“He is like a tree planted beside the waters
that stretches out its roots to the stream:
it fears not the heat when it comes;
its leaves stay green;
in the year of drought it shows no distress,
but still bears fruit.”
This is a verse from the 1st reading today. The first time I read it, it really grabbed me! I just thought the imagery was beautiful. In my mind I could easily picture that tree. It had thousands of vibrant green leaves blowing in a summer breeze. I saw the sun reflecting off of the calm waters of the picturesque river. Then of course my mind started wandering into science-land…
I started thinking about the relation between the tree and this water. We as humans think of drinking water as putting a cup of it to our mouths, but trees don’t do that. The science behind trees “drinking” water is so much cooler and more complicated than that.
Plants contain a vast system of channels through it that consist of xylem and phloem tissues. The xylem cells grow and then they die, but leave their cell wall behind and when you get enough of them they stack together and their dead bodies create a sort of pipe. These “pipes” extend all throughout the tree from top to bottom. At this point you might be saying, “But wait Teacher Dani, the water is at the bottom of the plant, at the root; gravity tells us it can’t get that water up through the pipes.” This is where the crazy ingenuity of it comes in to play. This is where I get giddy just thinking about it. So here’s the trick. The leaves at the top of the tree have pores and they open up to let water evaporate. This creates a negative water vapor pressure that the plant then equalizes by sucking up the water through these pipes like a big ‘ol straw!
Amazing. We as humans have learned all of this through years of research. Over 2500 years ago when the prophet Jeremiah was writing this analogy, he didn’t know the science behind it that we do today. He knew a few basic scientific principles like that the tree needs water to flourish. Yet he was able to preach these amazing things and get that same point across. Knowledge is power. I enjoy learning and digging and getting to truths. I find a beauty in discovering those inner workings. But just because I know all of these facts, doesn’t mean they are necessary to discuss this verse and the ideas behind it.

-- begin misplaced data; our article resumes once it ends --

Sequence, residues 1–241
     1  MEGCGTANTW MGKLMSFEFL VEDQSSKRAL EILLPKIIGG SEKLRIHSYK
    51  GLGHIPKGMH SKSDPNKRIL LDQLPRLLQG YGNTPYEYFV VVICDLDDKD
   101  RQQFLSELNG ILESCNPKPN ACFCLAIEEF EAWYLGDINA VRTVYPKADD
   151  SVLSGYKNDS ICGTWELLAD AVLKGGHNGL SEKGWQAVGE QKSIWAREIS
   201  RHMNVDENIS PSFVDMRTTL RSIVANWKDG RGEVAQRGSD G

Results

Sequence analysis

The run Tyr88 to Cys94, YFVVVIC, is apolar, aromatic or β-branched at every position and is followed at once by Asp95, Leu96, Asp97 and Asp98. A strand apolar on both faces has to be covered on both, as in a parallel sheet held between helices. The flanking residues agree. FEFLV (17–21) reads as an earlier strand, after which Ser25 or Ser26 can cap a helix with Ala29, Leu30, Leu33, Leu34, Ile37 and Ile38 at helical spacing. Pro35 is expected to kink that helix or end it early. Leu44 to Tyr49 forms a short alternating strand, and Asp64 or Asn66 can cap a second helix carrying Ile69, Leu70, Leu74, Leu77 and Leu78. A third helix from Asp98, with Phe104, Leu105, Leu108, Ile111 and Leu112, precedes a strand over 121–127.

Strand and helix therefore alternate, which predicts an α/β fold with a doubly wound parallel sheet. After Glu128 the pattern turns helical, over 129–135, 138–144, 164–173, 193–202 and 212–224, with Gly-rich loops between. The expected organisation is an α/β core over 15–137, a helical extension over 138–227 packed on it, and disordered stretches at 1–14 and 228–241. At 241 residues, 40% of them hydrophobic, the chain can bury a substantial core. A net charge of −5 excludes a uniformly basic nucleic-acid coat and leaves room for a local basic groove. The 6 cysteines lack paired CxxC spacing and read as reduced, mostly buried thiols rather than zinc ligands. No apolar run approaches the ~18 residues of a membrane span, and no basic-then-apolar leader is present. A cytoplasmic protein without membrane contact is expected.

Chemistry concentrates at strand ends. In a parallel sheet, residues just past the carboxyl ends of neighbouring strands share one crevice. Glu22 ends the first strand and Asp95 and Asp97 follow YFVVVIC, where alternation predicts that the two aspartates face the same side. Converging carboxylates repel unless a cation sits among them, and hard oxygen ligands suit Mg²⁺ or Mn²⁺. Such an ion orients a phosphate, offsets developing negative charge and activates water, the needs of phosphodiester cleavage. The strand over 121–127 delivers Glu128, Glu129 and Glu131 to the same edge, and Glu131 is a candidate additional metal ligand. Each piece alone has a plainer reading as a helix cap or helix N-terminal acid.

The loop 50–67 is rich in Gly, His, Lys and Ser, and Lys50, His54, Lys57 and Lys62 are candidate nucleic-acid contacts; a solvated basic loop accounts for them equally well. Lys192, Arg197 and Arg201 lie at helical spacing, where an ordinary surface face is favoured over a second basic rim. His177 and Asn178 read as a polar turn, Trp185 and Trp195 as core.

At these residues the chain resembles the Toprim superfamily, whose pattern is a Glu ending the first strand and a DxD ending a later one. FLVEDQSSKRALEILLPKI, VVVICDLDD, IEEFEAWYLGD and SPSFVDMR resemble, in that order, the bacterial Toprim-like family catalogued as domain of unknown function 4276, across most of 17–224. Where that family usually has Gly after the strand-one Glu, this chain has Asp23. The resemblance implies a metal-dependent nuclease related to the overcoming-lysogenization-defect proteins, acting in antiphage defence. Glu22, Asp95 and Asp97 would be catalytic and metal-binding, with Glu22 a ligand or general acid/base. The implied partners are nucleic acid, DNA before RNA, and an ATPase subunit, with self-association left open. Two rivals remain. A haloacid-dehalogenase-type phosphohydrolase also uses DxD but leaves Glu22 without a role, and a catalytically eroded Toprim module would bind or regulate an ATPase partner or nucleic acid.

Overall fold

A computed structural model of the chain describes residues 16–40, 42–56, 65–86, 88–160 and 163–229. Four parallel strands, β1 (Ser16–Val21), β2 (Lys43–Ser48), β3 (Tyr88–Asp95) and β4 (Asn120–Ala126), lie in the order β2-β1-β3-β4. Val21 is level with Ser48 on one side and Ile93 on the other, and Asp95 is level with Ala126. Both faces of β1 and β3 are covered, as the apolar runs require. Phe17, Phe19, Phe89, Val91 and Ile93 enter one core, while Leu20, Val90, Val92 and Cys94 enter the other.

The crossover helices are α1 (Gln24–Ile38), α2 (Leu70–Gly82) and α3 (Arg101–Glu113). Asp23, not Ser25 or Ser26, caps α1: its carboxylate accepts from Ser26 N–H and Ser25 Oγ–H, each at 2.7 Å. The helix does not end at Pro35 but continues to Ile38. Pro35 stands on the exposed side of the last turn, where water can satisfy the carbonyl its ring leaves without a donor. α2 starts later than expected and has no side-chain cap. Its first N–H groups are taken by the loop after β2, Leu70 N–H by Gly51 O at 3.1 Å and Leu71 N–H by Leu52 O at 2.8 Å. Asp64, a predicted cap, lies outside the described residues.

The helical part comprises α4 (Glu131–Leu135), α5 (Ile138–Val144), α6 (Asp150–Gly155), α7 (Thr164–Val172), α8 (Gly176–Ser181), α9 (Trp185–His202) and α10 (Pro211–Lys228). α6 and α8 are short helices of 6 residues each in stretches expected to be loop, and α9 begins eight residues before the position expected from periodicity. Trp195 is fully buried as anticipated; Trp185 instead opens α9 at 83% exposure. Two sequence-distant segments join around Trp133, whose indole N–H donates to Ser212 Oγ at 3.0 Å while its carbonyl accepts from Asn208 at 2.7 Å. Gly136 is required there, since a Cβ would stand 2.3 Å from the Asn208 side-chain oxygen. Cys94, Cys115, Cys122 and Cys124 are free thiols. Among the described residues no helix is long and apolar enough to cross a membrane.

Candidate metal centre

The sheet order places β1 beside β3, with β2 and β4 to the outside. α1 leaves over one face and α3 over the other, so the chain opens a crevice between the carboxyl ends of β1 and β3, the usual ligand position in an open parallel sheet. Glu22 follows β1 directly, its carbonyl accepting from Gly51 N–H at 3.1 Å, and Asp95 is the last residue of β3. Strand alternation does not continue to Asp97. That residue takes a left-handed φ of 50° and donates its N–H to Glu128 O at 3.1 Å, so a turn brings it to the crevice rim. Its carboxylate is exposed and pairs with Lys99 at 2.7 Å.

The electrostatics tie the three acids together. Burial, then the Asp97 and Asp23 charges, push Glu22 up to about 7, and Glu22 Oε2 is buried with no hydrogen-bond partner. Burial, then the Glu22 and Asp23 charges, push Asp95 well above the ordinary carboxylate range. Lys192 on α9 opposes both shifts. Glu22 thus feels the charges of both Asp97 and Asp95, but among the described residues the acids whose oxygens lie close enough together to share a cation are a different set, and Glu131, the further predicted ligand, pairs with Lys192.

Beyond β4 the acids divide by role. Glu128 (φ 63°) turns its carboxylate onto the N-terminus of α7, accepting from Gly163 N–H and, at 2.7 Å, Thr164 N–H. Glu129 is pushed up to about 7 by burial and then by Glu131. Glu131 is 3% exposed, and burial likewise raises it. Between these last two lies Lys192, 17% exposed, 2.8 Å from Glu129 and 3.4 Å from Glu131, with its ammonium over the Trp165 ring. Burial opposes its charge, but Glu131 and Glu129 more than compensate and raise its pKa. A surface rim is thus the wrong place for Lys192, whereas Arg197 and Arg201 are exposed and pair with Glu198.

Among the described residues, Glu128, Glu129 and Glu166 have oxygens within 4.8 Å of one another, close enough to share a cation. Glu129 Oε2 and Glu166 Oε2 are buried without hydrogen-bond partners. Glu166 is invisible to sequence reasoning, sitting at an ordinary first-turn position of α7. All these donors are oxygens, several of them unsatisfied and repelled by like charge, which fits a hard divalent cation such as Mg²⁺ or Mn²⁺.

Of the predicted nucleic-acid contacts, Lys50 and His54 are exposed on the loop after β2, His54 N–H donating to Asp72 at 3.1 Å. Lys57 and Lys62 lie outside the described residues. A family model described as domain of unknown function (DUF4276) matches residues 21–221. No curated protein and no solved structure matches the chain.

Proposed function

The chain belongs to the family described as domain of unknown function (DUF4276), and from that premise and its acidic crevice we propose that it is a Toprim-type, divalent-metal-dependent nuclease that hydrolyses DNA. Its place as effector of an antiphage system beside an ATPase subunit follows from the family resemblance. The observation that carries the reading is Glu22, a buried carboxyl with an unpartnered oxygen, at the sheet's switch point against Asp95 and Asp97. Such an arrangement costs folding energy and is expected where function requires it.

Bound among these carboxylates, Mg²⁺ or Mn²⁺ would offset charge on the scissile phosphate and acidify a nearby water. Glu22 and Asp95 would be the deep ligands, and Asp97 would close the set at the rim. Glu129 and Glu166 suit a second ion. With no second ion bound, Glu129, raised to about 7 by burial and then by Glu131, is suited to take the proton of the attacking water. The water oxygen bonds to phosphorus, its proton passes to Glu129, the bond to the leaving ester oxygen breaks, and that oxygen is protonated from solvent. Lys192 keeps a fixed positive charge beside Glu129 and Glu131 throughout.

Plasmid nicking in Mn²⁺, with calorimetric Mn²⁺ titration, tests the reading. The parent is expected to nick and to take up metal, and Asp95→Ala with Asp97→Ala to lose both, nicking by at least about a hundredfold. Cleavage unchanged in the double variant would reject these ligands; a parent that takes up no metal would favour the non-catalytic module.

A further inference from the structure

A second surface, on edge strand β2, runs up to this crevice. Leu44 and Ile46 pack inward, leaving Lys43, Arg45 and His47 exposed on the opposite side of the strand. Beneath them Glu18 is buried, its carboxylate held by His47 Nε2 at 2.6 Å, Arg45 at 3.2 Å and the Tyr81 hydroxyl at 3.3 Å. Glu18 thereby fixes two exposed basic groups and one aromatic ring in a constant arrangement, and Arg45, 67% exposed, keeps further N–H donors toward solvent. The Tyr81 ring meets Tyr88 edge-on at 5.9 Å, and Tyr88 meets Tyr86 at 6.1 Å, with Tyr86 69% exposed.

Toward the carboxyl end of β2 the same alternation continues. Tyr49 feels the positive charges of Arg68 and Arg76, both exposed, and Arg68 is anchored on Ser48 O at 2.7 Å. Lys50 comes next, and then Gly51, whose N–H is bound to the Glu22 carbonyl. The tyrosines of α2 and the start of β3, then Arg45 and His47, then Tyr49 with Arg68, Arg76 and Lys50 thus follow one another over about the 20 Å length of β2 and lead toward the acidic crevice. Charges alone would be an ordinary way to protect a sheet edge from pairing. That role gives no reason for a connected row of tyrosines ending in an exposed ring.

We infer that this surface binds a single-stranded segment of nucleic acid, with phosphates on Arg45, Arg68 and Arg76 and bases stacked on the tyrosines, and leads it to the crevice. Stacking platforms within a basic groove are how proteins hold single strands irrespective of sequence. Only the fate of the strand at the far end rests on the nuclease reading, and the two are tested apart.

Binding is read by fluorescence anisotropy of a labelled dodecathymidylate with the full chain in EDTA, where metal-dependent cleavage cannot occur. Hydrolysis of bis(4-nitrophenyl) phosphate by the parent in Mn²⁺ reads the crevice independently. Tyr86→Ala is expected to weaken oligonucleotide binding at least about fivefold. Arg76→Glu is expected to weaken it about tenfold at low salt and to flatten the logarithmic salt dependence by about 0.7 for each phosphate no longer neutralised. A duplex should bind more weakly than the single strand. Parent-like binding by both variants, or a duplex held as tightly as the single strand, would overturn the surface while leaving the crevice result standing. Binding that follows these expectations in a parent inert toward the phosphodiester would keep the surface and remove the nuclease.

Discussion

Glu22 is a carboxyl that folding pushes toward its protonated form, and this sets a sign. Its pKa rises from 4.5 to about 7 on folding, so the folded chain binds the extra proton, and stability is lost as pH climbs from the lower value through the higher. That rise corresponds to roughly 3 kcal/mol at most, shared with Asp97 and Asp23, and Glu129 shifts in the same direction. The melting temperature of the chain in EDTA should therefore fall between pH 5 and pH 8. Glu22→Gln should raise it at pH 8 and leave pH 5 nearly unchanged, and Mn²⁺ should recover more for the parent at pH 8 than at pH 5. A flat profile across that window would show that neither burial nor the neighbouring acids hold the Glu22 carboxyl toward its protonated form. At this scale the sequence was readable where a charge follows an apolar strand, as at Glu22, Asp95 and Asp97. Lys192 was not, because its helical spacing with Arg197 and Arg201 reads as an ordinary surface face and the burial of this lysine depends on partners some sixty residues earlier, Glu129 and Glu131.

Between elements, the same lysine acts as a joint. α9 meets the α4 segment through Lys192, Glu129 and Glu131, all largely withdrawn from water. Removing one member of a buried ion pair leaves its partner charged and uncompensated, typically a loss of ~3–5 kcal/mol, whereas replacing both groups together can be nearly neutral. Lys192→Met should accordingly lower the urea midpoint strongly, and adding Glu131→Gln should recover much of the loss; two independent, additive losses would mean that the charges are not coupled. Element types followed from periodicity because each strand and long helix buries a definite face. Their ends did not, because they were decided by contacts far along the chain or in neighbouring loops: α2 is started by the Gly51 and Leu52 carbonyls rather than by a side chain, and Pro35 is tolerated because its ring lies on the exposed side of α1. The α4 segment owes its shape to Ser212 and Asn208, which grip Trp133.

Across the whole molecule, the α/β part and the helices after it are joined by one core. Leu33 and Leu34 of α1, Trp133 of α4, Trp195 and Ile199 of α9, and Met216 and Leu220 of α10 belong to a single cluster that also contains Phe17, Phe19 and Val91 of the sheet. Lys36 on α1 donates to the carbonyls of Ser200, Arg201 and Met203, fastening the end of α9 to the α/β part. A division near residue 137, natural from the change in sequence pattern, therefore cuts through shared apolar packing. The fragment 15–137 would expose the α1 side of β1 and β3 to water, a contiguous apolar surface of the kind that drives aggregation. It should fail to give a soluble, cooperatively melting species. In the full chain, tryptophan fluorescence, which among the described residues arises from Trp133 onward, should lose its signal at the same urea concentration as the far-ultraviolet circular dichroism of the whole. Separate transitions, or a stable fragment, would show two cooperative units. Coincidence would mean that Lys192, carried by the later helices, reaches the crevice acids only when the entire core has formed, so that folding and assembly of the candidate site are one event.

In fact, I think adding science to the conversation would lessen its power. Knowing science definitely enhances my life. Everyone should learn and should understand the world around them, but even in science, simplicity is held in high esteem. If you can explain something in a more efficient, more concise manner, it is better. Overcomplicating things is frowned upon.
Maybe this is part of why I’m drawn to science. For quite a few years now I’ve had pretty severe anxiety. Like every second of every day I’m thinking about 1,000 things at once. It is really exhausting. I overcomplicate everything around me so when science tells me to simplify, it has a calming effect. When I look at science I see the patterns. I see the simple solutions in the chaos. And I think that’s why I’m drawn to this reading too. It is a simple yet elegant way to describe this powerful teaching. God is this big complicated mystery that we will never fully understand, and we are called to trust Him. But most of us humans don’t like to trust things we don’t understand, so to calm our anxieties we are given this more simplified image. It gets to the point quickly and succinctly. God is the river that gives life, we must put our trust in Him as the tree puts roots near the river. A simple teaching, taught through a simple image. As a scientist this way of teaching brings me great joy.
As my dad the business man would always tell me...
remember the acronym K.I.S.S.
Keep It Simple Stupid.